One thing that six year-olds (thankfully) haven’t yet had crushed out of them is a fear that ‘they might break something’. Such apprehension isn’t natural, but a learned behaviour that tends to affect technophobic adults. Indeed, it’s a significant reason for such people being technophobes in the first place. Although with my son I won’t have to tell him it’s OK just to mess about with the Web, if this was an adult I may well have to do that. It’s something to bear in mind when introducing new digital concepts, I think. Horses for courses, and always start where the learner is at.

Finally, a word on measurement. It might seem like what I’ve said so far about providing ‘hooks’ to the user and going with their interests would preclude assessing their progress. But, actually, I think feedback – so long as it’s useful to the user – is extremely beneficial. Indeed, it’s the essence of video games, where you get pretty much instantaneous feedback on what you’re doing. These games tend to throw you right in from the start, without a ‘manual’. You learn how to play the game not by reading about them, but by playing the first few levels. Games designers scaffold the experience for players both in terms of them learning the controls and giving them feedback on their performance. A common way to do this is through some kind of in-game achievements or trophies that signal a player’s progress. These can be expected or can be surprises. The can be easy to acheive or fiendishly difficult.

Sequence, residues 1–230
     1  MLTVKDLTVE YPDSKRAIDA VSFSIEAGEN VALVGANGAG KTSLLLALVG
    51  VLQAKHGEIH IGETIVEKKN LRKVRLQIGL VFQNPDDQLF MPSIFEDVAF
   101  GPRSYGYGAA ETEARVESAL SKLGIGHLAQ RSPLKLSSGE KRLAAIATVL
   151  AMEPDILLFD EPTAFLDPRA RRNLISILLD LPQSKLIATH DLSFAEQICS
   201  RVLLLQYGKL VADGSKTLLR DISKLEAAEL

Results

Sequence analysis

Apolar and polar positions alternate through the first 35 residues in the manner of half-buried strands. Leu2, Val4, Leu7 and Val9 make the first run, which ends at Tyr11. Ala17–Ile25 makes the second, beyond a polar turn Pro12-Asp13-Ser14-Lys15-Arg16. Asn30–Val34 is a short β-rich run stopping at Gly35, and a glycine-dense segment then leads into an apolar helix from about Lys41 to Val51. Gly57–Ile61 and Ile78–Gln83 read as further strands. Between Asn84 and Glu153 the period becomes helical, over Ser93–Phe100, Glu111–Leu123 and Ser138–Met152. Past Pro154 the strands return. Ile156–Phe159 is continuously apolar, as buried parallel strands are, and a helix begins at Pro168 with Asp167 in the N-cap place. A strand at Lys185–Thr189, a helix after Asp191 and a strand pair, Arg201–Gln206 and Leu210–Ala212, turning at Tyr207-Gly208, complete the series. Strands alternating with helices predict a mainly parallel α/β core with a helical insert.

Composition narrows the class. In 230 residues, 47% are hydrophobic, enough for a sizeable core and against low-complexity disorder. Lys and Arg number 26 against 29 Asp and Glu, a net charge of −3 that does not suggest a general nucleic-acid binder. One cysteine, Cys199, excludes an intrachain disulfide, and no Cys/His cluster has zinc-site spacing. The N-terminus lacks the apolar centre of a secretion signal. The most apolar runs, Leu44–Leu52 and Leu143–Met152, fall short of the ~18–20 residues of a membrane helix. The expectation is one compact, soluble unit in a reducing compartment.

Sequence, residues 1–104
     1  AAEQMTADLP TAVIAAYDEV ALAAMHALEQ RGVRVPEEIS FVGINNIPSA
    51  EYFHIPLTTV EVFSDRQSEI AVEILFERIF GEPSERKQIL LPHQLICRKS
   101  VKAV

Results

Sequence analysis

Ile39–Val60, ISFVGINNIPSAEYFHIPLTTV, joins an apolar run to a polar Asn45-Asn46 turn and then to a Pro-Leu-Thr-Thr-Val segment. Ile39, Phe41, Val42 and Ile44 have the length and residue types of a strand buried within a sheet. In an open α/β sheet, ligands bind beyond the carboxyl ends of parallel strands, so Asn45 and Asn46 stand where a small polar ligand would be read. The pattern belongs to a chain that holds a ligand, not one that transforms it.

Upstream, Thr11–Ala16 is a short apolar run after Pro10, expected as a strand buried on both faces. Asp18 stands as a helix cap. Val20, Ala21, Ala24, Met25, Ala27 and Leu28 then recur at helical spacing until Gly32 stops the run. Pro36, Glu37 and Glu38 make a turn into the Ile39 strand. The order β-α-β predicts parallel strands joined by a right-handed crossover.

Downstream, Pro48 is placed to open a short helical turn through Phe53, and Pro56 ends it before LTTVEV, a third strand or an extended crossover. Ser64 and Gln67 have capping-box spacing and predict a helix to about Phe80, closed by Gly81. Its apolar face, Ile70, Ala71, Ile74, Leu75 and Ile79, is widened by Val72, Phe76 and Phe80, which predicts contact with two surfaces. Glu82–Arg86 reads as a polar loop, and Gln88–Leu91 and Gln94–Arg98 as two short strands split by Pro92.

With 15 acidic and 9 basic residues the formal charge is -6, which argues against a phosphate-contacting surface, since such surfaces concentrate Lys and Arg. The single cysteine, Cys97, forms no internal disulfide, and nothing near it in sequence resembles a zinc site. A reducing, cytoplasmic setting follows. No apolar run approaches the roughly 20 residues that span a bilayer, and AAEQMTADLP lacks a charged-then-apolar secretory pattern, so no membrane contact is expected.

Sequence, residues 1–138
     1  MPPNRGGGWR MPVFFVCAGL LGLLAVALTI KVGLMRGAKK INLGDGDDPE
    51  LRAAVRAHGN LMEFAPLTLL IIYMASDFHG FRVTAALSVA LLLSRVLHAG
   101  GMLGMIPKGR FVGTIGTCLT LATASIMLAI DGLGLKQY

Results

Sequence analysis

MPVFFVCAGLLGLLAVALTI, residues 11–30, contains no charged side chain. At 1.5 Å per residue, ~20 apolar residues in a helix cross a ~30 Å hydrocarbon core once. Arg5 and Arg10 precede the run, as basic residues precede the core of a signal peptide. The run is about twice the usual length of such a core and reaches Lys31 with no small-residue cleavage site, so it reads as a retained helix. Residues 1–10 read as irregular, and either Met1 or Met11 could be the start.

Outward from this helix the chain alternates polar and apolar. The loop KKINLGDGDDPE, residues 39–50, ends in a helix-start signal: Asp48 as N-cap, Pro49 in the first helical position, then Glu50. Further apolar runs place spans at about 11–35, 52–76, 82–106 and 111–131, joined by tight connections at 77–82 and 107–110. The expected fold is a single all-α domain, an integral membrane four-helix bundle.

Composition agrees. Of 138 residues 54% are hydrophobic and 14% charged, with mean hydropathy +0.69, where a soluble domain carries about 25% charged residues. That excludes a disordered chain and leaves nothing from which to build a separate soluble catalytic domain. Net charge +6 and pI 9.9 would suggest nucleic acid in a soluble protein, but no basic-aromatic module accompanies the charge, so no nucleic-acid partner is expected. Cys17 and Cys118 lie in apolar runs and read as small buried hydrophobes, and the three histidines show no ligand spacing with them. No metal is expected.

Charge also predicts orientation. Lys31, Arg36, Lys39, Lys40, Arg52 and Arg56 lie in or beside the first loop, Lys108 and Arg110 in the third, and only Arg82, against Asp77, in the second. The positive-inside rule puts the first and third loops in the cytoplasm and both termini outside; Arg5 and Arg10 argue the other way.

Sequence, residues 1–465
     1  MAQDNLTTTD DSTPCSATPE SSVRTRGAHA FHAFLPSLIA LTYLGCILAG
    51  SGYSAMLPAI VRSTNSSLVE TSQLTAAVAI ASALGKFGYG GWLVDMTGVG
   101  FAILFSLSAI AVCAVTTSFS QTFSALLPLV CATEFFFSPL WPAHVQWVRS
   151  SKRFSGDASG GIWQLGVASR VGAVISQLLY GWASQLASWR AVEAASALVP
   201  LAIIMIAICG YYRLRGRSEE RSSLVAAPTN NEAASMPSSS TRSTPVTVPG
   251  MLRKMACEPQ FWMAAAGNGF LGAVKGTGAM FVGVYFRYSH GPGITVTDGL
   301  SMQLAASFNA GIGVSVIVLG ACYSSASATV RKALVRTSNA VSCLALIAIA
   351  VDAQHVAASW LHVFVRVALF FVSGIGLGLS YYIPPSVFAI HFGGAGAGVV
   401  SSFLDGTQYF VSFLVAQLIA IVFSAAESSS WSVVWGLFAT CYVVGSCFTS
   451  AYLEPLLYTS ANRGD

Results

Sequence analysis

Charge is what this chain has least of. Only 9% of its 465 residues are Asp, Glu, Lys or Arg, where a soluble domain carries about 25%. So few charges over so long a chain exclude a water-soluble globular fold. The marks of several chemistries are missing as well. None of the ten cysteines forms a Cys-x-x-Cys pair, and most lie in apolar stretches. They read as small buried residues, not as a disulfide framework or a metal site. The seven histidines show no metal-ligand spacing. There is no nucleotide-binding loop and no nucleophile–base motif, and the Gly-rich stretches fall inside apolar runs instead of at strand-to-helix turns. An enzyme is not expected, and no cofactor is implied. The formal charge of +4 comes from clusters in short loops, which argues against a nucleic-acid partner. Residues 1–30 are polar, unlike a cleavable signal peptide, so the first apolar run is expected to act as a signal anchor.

I intend to follow up this post at some point with a list of the concepts I think my son as a six year-old should understand. Feel free to chip in with some suggestions in the comments below!

Image taken from the iA Web Trends map

Towards a new, open learning standard for Web Literacy

Update 2: For the latest information on the Web Literacy standard work, head to http://mzl.la/weblitstd

No slides? Click here!

[archiveorg MozillaWebLitStandardKickOff width=500 height=30]

No audio? Click here!

I’ve written a series of blog posts about Mozilla working with the community on creating a new, open learning standard for Web Literacy. I wanted one place to point people towards featuring all the relevant links, so this is it!

Blog posts

Mozilla wiki

Online gathering (7 Feb 2013)

  • Eventbrite (I’ll update this link with the recording later)

Image CC BY-SA Rubber Dragon

Towards a Web Literacy standard: (3) Who?

Update: For the latest information on the Web Literacy standard work, head to http://mzl.la/weblitstd